The management and treatment of Inflammatory Bowel Disease (IBD) can be varied and complex. While the advancement of medicine has created a multitude of different classes of drugs, it also calls for greater surveillance and monitoring. Treatment of IBD with biologic medicines requires tuberculosis screening prior to the initiation of therapy. For the gastroenterologist it requires multiple steps of screening, interpretation of data, and clear documentation prior to evaluating patients as possible candidates for these therapies. The complexity of patients' co-morbidities requires the aid of primary care and other specialties to ensure that all medical needs are met in a timely and safe manner.Methods:
The study utilized an electronic medical record system at an urban-based academic medical center to assess the rate of screening for tuberculosis (TB) prior to initiating treatment of IBD with biologic therapy such as tumor necrosis factor (TNF) inhibitors. The research protocol allowed the investigators to conduct a 6-month retrospective analysis on IBD patients who presented to clinic for established follow up care. The study analyzed the rate of TB screening in patients with a diagnosis of Crohn's or Ulcerative Colitis who were either on continuing biologic therapy or initiating treatment due to ongoing symptoms and/or worsening severity. Statistical analysis utilizing a one-tailed Fisher's Exact Test with a P-value set less than 0.05 was used to interpret the results of our study.Results:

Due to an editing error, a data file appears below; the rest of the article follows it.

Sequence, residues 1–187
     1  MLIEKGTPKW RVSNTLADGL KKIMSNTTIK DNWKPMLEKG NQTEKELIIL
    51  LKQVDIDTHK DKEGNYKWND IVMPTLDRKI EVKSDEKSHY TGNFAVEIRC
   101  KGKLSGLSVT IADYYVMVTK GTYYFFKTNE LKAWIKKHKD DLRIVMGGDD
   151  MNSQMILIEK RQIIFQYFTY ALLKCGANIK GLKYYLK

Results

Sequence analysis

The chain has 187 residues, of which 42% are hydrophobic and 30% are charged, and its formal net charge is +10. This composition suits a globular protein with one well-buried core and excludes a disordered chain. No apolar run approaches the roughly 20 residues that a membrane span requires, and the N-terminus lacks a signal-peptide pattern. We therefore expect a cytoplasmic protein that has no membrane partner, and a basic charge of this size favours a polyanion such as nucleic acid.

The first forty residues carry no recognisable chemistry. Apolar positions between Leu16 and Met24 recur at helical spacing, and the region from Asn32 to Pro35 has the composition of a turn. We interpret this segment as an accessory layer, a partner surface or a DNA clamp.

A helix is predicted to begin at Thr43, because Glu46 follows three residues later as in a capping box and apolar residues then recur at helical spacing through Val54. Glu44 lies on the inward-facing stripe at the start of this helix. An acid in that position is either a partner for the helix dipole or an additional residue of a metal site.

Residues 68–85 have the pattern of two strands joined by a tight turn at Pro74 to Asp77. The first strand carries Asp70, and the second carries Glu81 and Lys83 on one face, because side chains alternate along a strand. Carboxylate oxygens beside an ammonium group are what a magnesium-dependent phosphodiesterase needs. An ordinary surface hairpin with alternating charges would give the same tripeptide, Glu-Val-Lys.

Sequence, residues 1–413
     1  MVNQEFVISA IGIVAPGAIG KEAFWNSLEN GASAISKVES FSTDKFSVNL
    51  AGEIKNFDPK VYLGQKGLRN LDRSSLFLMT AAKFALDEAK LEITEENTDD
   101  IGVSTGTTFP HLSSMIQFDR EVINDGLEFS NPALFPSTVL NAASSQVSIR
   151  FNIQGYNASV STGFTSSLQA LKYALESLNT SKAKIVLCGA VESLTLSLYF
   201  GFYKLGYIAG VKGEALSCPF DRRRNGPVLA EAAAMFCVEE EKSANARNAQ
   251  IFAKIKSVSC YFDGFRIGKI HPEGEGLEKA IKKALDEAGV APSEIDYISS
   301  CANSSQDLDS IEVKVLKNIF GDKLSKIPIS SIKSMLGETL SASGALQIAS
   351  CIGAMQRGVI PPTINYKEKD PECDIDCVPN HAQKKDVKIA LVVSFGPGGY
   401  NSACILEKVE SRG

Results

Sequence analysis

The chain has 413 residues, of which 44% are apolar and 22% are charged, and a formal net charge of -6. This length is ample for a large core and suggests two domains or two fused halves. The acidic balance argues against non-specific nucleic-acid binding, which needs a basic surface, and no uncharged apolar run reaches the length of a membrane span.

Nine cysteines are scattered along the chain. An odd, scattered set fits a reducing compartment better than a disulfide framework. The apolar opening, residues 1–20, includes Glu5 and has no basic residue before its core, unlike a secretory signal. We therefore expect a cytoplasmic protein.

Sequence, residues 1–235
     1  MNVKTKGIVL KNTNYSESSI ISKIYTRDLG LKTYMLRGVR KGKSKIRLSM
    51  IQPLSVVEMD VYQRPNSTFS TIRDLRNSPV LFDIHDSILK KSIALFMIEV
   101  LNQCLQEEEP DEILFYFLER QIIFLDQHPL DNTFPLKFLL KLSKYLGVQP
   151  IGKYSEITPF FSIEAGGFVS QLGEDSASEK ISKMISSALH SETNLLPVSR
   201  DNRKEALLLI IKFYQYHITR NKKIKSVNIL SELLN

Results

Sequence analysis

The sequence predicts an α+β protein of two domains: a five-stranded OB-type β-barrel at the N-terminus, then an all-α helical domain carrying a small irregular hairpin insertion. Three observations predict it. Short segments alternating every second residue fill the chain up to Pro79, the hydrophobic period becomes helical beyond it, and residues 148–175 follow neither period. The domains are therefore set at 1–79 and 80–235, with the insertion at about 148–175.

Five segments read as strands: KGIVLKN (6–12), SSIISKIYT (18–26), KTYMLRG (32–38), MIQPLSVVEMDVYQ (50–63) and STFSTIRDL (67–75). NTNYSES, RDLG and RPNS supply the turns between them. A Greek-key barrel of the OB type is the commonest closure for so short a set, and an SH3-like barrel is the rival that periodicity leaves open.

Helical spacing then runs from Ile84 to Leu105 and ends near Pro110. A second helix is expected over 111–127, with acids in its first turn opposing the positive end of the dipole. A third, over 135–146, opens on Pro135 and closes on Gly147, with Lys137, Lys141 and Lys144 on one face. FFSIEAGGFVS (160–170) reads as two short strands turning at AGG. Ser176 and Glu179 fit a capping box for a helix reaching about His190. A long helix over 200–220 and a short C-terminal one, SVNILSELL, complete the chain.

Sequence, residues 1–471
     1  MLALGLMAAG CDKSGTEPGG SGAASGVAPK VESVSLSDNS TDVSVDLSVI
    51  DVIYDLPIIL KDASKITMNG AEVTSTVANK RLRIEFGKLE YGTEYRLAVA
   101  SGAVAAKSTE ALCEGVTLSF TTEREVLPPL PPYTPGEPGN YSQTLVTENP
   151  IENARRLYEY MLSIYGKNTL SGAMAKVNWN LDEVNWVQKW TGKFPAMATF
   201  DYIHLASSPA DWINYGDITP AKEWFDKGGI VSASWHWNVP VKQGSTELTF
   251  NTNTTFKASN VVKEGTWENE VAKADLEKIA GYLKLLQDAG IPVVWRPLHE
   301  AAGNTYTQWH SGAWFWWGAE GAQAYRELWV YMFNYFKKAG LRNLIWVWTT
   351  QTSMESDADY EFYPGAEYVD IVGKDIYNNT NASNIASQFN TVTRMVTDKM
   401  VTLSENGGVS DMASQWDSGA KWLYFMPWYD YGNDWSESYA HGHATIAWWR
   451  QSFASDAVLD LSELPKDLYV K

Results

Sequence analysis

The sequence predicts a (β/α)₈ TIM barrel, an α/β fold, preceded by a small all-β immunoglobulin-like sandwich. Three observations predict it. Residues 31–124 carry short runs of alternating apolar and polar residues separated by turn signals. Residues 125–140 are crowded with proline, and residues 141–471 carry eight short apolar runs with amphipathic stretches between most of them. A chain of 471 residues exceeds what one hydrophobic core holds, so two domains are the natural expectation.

A total of 275 patients were evaluated during this 6-month period. Of the 163 patients with a diagnosis of Crohn's disease 77 (47%) were screened for TB. In comparison, only 37 (33%) out of a total of 112 patients with a diagnosis of Ulcerative Colitis were screened. The 2 tailed study highlighted a P-value of 0.02 associated with the statistically significant data outlined in this study.Conclusions:
The analysis identified a difference in the rates of screening between Crohn's and Ulcerative Colitis patients in terms of TB screening. There may be a multitude of reasons to explain the difference in screening rates between these 2 groups of IBD patients. One, it may be linked to the severity of disease as UC patients have more visible signs and symptoms and as a result may be treated in a timely manner and not have to escalate treatment to biologic therapies as often as Crohn's patients. More importantly, the difference highlights a discrepancy in the care provided to UC patients. The lack of homogeneity that one would expect in this study depicts a much larger issue with lack of a comprehensive medical system to keep track of and monitor patients' care beyond the Gastroenterologist's office. The lack of a safety net for such complex patients once again highlights the demands placed on all physicians to ensure patient safety and monitoring of all co-morbidities.